When faced with racism and other distasteful sides of life, many of us talk a good fight but far too few step up and take a stand.
Such was the case in 1976 until a seriously ill teenager called on the men and women of Crawley to turn their backs on hatred.
Danny Martin was just 16-years-old when he died, weeks after his plea to “leave the British race and join the human race”had resulted in the birth of the CCAR.
His mother, Barbara, kept his legacy alive for almost 40 years until her death on February 28.
It wasn’t an easy task.
“Life is difficult in many ways at present but racism will stop us getting to real answers.”Jill Hathaway, chairman of the CCAR
CCAR member Erik Shopland recalled how the National Front attempted to stage a major demonstration in the town in 1981, bringing in outside support.
Thanks to the work of Sussex Police, the gathering, in the station car park, fizzled out.
Earlier that year, the offices of the Crawley Council for Community Relations (CCCR), in Station Road, were severely damaged by fire.
This was followed by its temporary office, in London Road, being daubed with racist slogans.
Now, with the National Front little more than a stain on Britain’s history, the CCAR is preparing to move on without Barbara.
But how much of a difference has the group made – and is it still needed today?
Sheikh Najeeb Rahman, of the Crawley Ahmaddyyia Muslim Association, said: “It would be wrong to believe that there is no racism in Crawley, but it would be right to say that through the works of the CCAR, this has been minimised to a large extent.
“CCAR has worked tirelessly to rid society of hatred – for that what racism is. Often, those on the receiving end do not have a voice and are often a minority group. CCAR is the supporting hand for such victims and for that reason they play vital role to make our society a better place.”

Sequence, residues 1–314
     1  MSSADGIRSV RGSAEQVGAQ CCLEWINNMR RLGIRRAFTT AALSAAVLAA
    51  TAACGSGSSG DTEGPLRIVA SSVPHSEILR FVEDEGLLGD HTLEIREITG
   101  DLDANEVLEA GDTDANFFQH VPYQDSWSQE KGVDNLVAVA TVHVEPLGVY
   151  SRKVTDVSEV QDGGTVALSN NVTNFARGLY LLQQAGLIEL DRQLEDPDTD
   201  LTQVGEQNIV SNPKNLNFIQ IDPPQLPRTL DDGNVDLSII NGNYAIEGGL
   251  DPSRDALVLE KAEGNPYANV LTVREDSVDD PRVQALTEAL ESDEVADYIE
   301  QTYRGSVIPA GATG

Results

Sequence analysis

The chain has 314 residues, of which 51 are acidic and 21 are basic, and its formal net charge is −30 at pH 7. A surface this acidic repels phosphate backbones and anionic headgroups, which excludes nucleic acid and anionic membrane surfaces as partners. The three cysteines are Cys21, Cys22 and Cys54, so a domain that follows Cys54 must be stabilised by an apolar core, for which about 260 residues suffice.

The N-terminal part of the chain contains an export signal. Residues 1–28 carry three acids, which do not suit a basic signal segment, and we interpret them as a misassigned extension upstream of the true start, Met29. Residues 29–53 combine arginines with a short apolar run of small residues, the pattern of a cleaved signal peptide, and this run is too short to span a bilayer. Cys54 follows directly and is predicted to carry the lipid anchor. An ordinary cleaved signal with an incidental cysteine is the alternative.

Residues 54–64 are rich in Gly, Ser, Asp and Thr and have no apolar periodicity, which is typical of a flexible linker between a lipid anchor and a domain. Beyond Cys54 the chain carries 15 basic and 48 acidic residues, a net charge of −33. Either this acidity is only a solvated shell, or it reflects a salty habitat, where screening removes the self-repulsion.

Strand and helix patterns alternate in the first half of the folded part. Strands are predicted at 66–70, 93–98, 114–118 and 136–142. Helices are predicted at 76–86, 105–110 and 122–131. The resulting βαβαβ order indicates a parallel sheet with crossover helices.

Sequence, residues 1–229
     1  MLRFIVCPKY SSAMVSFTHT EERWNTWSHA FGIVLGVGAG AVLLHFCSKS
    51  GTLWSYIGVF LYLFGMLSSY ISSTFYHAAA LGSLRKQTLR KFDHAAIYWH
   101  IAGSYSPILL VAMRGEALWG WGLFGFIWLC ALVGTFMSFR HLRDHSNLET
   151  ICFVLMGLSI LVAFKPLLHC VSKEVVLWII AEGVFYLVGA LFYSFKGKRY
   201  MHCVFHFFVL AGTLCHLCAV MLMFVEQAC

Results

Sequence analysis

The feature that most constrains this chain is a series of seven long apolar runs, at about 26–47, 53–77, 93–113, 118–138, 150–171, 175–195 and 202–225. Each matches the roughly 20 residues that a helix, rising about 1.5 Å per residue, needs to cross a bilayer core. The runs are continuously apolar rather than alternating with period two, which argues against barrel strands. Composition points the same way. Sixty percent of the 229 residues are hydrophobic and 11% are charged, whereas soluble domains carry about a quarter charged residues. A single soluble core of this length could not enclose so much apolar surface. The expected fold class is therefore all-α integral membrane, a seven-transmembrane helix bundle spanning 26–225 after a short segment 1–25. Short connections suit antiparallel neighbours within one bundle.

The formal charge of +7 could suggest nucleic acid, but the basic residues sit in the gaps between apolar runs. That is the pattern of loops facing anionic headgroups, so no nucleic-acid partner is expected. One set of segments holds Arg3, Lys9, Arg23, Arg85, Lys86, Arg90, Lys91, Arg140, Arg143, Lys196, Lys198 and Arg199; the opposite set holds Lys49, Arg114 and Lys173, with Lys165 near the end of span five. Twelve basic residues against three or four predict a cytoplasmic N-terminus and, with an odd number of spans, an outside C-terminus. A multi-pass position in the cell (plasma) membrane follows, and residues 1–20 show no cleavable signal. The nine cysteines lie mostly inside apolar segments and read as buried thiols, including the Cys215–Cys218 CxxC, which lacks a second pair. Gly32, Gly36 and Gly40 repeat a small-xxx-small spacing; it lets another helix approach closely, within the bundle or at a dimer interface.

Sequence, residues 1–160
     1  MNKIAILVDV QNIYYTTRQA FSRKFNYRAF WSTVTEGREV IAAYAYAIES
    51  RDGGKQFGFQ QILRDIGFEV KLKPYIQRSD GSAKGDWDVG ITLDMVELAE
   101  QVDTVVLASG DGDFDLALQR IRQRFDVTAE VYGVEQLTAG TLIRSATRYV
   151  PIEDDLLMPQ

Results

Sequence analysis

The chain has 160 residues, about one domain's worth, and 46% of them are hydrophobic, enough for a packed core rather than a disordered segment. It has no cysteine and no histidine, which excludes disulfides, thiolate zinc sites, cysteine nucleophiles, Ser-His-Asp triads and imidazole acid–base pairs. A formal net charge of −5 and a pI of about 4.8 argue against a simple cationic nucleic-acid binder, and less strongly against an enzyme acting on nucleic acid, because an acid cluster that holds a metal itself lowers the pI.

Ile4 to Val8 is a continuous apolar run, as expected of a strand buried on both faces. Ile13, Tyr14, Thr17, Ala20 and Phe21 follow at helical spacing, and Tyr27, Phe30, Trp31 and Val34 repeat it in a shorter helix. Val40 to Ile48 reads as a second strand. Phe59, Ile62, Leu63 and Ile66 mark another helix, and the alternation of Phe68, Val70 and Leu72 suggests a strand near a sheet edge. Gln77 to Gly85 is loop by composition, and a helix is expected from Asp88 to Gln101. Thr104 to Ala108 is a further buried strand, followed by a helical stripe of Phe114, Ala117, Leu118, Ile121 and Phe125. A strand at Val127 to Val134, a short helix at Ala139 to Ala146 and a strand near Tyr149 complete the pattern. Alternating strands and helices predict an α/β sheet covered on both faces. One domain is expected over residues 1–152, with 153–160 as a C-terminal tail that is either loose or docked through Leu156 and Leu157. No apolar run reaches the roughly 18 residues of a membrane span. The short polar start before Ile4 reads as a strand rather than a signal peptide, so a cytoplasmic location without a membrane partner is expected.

Jill Hathaway, chairman of the CCAR, said people had told the group they were still needed.
She said: “Managing any differences is part of normal life, as long as we’re reasonable, but the national press use hate headlines and some political groups who choose easy scapegoats, such as immigrants, as a path to gaining influence with the general public.
“Life is difficult in many ways at present but racism will stop us getting to real answers.”
Unfortunately, while there is little doubt the CCAR has made an impact, the group’s dream of not being needed is a long way off.
In February, Sgt Peter Allan, of Sussex Police stated Crawley reports more racial hate crime than any other local authority in East and West Sussex, except Brighton. Between April 1 2014 and February 2015, that figure stood at 203 incidents.
Founder member Queenie Hopcroft, of Northgate, said Crawley had been “ahead of the game” in 1976 when it came to tolerance and community cohesion.
She said: “I remember when we were invited to the Home Office and there were people there from Birmingham and Bradford and they had nothing like us and I realised we were way ahead of the rest of the country.”
So why are the figures so high for report incidents of hate crime? Perhaps it is simply because such crime is less likely to be tolerated in Crawley and people are quicker to report things.
The alternative answer is that the message put out by Danny Martin 40 years ago has gone unnoticed by the people of our amazing, multicultural town.
And that is unacceptable.